a strange age, indeed, when a Catholic, Jesuit university would
deny a Christian pro-life group recognition because its religious
nature is considered discriminatory," said Greg Lukianoff,
spokesman for FIRE.
far, Father Spitzer has not responded to FIRE, leaving the Gonzaga
Pro-Life Law Caucus without the official recognition afforded other
law student groups, including the Sexual Orientation Diversity Alliance,
the Armed Forces Law Club, and the Women's Law Caucus, among others.
Thus far, what most of us would consider the good guys are still
struggling for survival in this case. The irony here is that Spitzer
is the founder of a group called the University Faculty For Life.
University also punished the campus College Republicans group for
are you ready for this? using the word hate
on a flier but applying it to the left. The flier was for
a campus appearance by Daniel J. Flynn, author of Why
the Left Hates America, sponsored by the College Republicans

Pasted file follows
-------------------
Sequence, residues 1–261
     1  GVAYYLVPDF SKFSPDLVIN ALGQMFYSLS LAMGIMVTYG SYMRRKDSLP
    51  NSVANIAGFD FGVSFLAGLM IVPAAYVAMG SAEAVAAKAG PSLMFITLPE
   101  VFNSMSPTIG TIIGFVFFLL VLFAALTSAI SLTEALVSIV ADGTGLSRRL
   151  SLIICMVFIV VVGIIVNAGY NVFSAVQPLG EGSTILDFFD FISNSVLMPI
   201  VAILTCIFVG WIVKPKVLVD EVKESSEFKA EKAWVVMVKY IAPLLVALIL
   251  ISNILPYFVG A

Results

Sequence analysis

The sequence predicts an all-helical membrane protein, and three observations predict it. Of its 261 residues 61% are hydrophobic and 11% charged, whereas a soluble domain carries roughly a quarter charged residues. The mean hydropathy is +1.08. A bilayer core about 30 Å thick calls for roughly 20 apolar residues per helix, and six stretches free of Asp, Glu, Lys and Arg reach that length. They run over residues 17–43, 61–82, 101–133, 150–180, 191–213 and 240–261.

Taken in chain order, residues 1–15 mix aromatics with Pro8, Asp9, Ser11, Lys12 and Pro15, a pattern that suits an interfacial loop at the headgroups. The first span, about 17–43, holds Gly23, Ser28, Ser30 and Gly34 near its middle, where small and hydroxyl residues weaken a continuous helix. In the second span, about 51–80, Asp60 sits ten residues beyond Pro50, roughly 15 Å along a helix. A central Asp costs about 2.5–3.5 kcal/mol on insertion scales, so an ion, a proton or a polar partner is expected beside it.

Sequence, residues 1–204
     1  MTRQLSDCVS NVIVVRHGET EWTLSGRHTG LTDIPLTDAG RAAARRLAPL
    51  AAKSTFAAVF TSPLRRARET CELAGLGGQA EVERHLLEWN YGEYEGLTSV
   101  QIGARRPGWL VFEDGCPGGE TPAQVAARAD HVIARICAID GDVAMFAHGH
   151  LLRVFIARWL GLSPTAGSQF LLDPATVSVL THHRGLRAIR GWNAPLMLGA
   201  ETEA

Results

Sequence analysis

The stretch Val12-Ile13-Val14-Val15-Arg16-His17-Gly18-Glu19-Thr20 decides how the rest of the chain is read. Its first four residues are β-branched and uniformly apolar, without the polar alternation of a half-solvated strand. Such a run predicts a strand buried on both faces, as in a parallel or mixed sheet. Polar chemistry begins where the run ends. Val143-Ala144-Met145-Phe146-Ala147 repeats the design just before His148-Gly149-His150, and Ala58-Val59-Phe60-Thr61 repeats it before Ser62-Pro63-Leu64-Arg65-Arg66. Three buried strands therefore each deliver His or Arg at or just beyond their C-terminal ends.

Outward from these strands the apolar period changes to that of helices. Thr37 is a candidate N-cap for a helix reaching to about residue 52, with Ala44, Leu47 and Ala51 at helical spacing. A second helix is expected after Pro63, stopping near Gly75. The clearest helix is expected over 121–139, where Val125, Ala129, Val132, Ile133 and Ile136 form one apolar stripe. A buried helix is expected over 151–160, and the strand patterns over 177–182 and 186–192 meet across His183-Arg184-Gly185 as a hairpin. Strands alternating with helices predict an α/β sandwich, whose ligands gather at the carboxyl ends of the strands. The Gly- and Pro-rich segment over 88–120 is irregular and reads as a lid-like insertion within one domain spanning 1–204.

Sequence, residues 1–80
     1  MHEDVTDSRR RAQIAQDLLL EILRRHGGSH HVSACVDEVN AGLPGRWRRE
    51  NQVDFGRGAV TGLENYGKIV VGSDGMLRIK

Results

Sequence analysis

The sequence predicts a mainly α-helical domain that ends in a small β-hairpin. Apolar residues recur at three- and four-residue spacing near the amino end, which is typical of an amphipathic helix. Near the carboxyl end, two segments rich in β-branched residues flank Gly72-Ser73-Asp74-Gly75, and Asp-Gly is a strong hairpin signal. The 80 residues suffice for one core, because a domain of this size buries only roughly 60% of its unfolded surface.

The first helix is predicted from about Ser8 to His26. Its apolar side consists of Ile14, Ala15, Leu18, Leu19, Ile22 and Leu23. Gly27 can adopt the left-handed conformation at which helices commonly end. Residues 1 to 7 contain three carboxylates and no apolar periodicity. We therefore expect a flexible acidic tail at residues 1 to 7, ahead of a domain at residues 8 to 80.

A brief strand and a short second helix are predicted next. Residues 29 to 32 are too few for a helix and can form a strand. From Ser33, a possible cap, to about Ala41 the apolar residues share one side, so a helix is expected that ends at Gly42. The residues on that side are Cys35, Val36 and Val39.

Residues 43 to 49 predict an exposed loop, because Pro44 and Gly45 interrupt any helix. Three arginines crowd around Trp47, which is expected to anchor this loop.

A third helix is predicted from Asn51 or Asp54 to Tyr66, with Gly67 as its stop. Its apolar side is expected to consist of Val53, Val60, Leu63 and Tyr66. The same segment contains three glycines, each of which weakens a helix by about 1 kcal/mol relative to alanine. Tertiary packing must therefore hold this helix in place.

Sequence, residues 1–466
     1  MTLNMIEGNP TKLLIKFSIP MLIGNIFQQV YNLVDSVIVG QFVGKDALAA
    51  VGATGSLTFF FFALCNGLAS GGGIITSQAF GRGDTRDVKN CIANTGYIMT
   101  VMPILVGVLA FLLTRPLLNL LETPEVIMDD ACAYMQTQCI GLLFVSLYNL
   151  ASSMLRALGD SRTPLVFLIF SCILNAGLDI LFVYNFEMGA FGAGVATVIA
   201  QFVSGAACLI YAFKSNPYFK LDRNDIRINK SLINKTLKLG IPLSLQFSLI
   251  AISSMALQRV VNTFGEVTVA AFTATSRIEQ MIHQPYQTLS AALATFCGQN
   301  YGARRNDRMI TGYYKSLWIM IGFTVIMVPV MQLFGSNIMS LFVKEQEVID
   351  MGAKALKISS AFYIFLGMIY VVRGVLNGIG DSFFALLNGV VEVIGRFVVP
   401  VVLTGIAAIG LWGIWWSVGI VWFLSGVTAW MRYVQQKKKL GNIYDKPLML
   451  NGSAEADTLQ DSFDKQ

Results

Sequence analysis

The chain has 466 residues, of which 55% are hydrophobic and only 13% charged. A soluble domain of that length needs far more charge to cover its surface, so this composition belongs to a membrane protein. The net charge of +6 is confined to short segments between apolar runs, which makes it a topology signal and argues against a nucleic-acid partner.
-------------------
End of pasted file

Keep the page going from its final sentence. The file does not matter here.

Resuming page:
and the Young Americaís Foundation.
displays this phrase LEFT HATES prominently, enlarging the lettering.
According to official politically correct ideology, of course, hate
is a product of the right, not the left. So it was unsurprising
that despite the fact that both the book and the speech were critical
of hate who isnít? the College Republicans became
targets. Having had copies of the fliers ripped down, including
by university officials, they were forced to revise the content
of the flier to reflect the fact that the phrase LEFT HATES was
part of a book title. This despite the fact that the original flier
had received pre-approval for posting. The University placed a disciplinary
letter in the campus groupís official file reporting on the groupís
"discriminatory" word "hate," which might itself
constitute "hate speech." Paul Schafer, president of the
College Republicans, said bemusedly, "I never imagined that
someone would call the title of a book discriminatory hate speech."
In response to FIREís protests, Father Spitzer had the letter removed
from the groupís file. Later he would deny that the University had
punished the College Republicans at all. For all practical purposes,
though, the good guys won this one.
multiculturalism now the reigning ideology of academia, it remains
very difficult to hold constructive debates over policies such as